Too often, in-house law departments and law firms use licensed lawyers (Category #1 below) to perform routine, recurring tasks that an alternative legal services provider (ALSP) or law company (Category #2 below) could do more cheaply, faster, and with higher accuracy.
CFOs and others in the C-suite should take a hard look at using ALSPs and law companies for routine, recurring legal tasks. Because in-house law departments and law firms, for the most part, are not doing so.
This Matters to Your Business
From an operational standpoint, corporate legal services fall into two categories:
Category #1 — Legal tasks for which only a licensed attorney is qualified.
Category #2 — Routine, recurring legal tasks that can made more efficient using software, data analysis, business process expertise and / or labor that costs less than a licensed lawyer charges (all under the guidance of one or more licensed lawyers / Category #1).
Alternative legal services providers (“ALSPs”), or “law companies”, do Category #2 work — at great savings and higher speed, and often more accurately, than traditional law firm or in-house counsel using licensed attorneys and paralegals. Except for Elevate Services as recently authorized by the Arizona Supreme Court (described here), ALSPs and law companies are prohibited from offering Category #1 services (those of a licensed attorney) in the United States.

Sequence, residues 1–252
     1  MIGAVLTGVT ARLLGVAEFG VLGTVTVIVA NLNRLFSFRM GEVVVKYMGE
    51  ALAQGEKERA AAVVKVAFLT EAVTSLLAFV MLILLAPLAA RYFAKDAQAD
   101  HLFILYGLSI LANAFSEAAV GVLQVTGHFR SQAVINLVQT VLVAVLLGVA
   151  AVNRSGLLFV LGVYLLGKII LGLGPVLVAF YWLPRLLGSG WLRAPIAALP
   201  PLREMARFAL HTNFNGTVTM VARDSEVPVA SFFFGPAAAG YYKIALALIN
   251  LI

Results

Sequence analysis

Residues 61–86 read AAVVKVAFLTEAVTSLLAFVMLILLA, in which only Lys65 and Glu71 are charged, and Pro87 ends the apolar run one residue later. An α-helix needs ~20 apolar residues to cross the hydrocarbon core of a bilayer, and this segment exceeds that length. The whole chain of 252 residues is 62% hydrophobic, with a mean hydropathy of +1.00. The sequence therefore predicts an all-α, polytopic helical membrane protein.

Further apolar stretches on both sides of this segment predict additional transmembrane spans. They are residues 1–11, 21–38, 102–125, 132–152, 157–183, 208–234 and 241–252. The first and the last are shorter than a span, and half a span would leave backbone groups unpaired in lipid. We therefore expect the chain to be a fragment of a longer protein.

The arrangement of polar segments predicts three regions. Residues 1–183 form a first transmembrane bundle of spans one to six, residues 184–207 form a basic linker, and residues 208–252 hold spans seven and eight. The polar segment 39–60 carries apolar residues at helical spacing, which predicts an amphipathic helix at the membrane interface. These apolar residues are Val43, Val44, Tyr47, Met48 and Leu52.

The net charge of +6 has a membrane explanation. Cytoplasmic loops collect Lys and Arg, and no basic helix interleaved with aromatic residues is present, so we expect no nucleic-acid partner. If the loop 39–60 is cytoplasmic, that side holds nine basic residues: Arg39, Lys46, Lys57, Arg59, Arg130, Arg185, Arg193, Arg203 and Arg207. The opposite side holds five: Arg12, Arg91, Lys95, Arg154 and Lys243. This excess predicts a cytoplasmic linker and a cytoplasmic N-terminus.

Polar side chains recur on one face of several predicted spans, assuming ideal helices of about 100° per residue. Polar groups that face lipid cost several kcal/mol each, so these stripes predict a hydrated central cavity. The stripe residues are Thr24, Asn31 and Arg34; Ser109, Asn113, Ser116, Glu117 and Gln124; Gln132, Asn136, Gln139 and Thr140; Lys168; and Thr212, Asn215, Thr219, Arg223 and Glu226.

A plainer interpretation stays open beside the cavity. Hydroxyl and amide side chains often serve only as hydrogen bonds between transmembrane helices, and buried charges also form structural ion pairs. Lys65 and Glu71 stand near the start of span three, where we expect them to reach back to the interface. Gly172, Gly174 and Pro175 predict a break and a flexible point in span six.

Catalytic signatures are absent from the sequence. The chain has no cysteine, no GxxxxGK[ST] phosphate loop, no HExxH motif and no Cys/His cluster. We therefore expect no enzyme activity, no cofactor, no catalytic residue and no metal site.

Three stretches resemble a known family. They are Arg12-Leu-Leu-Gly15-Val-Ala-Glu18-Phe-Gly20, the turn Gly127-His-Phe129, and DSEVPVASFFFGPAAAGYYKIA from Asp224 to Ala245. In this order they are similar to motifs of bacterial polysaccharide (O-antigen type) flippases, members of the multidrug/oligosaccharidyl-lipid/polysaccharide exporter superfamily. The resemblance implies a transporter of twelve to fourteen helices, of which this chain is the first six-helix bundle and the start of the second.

Liam Brown, as quoted in an earlier post, offers the best description I’ve heard of the work ALSPs and law companies do (Category #2), as distinguished from what only licensed lawyers are permitted to do (Category #1):
“Imagine a chess board of 64 squares … Customers would ask us [as an ALSP or law company] to perform work [that] required the capabilities that we had on 63 of those squares. It could have been our software … our data scientists, … our business consultants, … our understanding of their business … our process expertise.”
In Mr. Brown’s description, the 64th square — distinct from the 63 that an ALSP or law company is capable of doing — is comprised of work that only licensed lawyers are capable of doing (Category #1).
Law firms are, for the most part, reluctant to cooperate with the use of ALSPs or law companies to do routine, recurring Category #2 legal work. They prefer to have their own junior, trainee associate lawyers do this work — and to bill hundreds per hour for their junior, trainee services.
In-house counsel departments have been similarly reluctant to adopt ALSP or law company services.
Indeed, ALSPs’ and law companies’ percentage of total legal spending is in the low to mid single digits (reported at a mere 3 percent of total legal spending for 2020 here).
From the standpoint of the cost, speed, and quality of Legal’s operations, CFOs and others in the C-suite should demand careful consideration of ALSPs and law companies for routine, recurring Legal work.
As a useful description of ALSPs / law companies for the business executive, the following June 2022 article by Yvonne Nath, recently retired from the legal services consultancy Law Vision, offers the best summary I’ve seen:
“Your Most Common Questions about ALSPs“.
CFOs and the rest of the C-suite need to press their corporate law functions to tap the cost efficiencies, speed, and accuracy offered by ALSPs and law companies for routine, recurring legal tasks. In-house law departments and law firms, for the most part, are not doing so.